Where I got them, of course, was building my body without anybody knowing it. We used to read those ads that showed puny, sparrow-chested, sadlooking weaklings who bought arm exercisers and punching bags and boxing gloves and one day. looking like somebody else, sent a surprised bully spinning into the gutter wtih some remark like "What were you saying?"

We used to box down in one another's cellars, and end up with frozen smiles and sometimes while we were waiting for supper my father would give us a lesson in scientific boxing, squeezing his fingers into our boxing gloves and saying "Now try to hit me." The thought of hitting that dignified vest with its watch chain would just about hypnotize us. "Go ahead, try to hit me," he'd say. "It's all in the footwork." It would be a relief

when he'd clout us w;ith one of his loose gloves and we wouldn't have to try to hit him in the stomach.

Our heroes all lived outdoors and used their muscles and usually wore different kind of clothes from ordinary people. They did nearly everything differently from ordinary people. The other day I heard a kid say, as if he meant it. that he intended to be a lawyer when he grew up. and it was all 1 could do not to ask him if he realized that a lawyer wore a tie. sat down at the table for supper, said "Excuse me," and washed his hands before every meal, all his life. I almost told him that lawyers probably kissed girls, but I had a feeling that after watching today's TV heroes he would have thought it was as natural as shooting rustlers.

Part of the glory of some of our heroes when I was a kid was that they looked just the way girls wouldn't want them to look, sometimes bent and bowlegged. with craggy faces that needed a shave. I remember I used to look in the bathroom mirror every night hopefully examining my face for lines, wrinkles, whiskers, pouches under my eyes or anything that would break the unheroic effect of a grape.

We felt that the only reason that our fathers worked at the jobs they did was that they just hadn't heard of men who lived in canoes or log cabins or on horses; in fact they hadn't heard of the great golden world that was full of action and triumph, where life had color and juice and nobody did things like homework. It was the world for which I was headed when I was a kid and the thoughts of it worked better than whisky does now and I sometimes wonder just where 1 lost it and wish I could get it back. Life doesn't become too tough; it just becomes dreamless.

Probably the end of the dream began for me when I found that I needed glasses. Up till then I had hooted at every kid who wore glasses and called him "four eyes." figuring that he just didn't want to be like Tom Mix. The day I looked at myself in an optometrist's mirror, sitting there in a department that smelled of spectacle cleaner and reminded me of a dress department, I felt somehow that I'd let my heroes down. I heard knowing remarks above my head. "He's a bit disappointed you know,” my mother said, and some kindly liar said that I’d probably only have to wear them for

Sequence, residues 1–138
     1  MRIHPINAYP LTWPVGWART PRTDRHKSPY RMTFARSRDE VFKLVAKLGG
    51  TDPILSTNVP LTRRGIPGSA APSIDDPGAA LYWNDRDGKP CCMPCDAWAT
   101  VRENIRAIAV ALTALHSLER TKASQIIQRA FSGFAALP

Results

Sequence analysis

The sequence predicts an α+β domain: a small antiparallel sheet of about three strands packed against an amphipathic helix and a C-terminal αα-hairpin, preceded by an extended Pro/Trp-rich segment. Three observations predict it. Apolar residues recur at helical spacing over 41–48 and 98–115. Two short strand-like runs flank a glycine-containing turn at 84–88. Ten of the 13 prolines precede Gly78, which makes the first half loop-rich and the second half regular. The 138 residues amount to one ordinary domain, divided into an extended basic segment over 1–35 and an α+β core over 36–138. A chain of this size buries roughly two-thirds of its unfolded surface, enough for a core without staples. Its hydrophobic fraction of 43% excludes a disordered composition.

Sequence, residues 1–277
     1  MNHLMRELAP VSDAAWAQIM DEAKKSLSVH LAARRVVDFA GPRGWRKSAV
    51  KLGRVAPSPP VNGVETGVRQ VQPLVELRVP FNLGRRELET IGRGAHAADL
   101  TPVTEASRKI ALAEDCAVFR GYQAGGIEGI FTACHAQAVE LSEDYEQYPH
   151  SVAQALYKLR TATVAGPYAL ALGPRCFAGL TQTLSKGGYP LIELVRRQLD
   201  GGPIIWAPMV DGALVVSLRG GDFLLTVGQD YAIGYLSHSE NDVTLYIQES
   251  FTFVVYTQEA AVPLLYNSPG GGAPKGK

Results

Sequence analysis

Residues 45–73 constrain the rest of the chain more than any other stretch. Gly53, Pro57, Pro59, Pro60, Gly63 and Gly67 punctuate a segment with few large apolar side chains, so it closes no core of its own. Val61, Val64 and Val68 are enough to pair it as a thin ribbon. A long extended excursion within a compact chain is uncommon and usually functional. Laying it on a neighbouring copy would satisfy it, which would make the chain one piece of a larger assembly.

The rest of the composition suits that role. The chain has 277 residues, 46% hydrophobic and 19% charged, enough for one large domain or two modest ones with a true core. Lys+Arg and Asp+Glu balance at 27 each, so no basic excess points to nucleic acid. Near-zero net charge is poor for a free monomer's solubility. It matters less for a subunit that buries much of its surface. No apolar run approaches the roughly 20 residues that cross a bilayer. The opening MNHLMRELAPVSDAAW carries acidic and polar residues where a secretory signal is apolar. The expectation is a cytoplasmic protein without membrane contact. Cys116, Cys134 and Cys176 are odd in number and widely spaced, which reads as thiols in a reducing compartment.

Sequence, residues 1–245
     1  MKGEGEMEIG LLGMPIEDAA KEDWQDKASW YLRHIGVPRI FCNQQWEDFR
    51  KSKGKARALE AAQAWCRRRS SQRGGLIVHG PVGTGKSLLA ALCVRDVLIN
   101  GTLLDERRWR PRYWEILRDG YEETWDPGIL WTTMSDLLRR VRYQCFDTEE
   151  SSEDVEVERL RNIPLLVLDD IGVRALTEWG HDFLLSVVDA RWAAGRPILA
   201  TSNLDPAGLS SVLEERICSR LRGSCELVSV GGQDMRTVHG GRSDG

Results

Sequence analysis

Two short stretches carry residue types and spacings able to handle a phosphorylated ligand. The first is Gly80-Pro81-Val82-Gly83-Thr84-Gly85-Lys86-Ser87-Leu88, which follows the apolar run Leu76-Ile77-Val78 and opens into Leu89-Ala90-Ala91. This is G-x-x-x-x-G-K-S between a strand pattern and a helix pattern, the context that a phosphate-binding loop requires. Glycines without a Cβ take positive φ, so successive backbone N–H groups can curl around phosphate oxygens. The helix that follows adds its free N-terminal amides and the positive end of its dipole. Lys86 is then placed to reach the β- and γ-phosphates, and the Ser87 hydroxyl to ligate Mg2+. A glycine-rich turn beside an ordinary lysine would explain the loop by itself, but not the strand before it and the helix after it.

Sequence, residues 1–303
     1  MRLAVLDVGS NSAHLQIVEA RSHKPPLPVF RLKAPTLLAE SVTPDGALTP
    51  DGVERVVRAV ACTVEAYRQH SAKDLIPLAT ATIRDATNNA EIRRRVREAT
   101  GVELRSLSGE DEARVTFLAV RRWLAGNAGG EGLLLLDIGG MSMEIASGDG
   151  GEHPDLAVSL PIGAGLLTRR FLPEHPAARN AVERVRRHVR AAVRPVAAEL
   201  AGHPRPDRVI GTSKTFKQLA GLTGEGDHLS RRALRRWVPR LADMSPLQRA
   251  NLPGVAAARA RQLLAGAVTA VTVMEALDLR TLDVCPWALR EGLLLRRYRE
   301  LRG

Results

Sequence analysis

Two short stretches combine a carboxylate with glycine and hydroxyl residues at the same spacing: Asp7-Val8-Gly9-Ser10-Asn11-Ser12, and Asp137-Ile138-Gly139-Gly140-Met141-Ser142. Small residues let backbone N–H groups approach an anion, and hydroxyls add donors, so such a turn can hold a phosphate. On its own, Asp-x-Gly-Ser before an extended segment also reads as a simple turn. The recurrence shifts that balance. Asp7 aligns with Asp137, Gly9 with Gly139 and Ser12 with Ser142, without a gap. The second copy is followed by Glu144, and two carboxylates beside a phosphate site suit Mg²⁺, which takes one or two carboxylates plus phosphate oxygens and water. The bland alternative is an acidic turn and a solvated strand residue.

a month. I had a picture of myself coming into the ring, taking off my robe bearing the letters KID ALLEN, handing it to one of my seconds, then handing him my glasses and telling him to be careful not to break them. I didn't just look into the mirror. 1 looked right through it to the end of everything.

I got half reconciled to the glasses, but when the day came when I had a chance to be a hero myself, nothing happened the way it was supposed to happen with heroes. It all started at a Sunday school class 1 used to go to. I had a dapper Sunday school teacher named Mr. Ghent, a trim, affable track-man type who spoke briskly and with warmth against smoking and foul language and who was always trying to get one of us hoys to give a prayer, but nobody would do it.

Then one Sunday when he asked for a volunteer I couldn't stand the silence any longer and I said I'd do it. It went off rather well and from then on I could be counted on to give a prayer and became so popular with the boys for getting them off the hook that when the class formed a hockey team they elected me captain. I didn't play hockey. I dreamed a terrific game of hockey, but I didn't play it. I told them I didn't play hockey and had never played hockey. I

told them that I could hardly skate. But the more I protested the more convinced they were that it was typical and admirable Christian modesty and that 1 was really invincible. Even Mr. Ghent became caught up in this mass hysteria. It was my first experience of telling the literal truth and not being able to get anybody to believe it.

But it didn't take long to convince everyone once the hockey game started. Kids who couldn't pray but who could play hockey circled me like terriers. By the time I'd get turned around the play would have gone to the other end and hack. I'd bend over and flail at the puck while coasting slowly backward, propelled by by own determination. Worst of all was when I'd just be standing still and suddenly fall flat on my back. Mr. Ghent finally decided to put me in goal, where I could hang onto the goal post until the game was over.

It wasn't the right ending for someone who had been a cowboy, a jungle explorer, a human tly and The Greatest Champion of Everything The World Had Ever Seen, but somehow, without actually thinking about it. I knew that it was the most common ending, and happened far more often to most people than the things that happened to the heroes of my boyhood. ★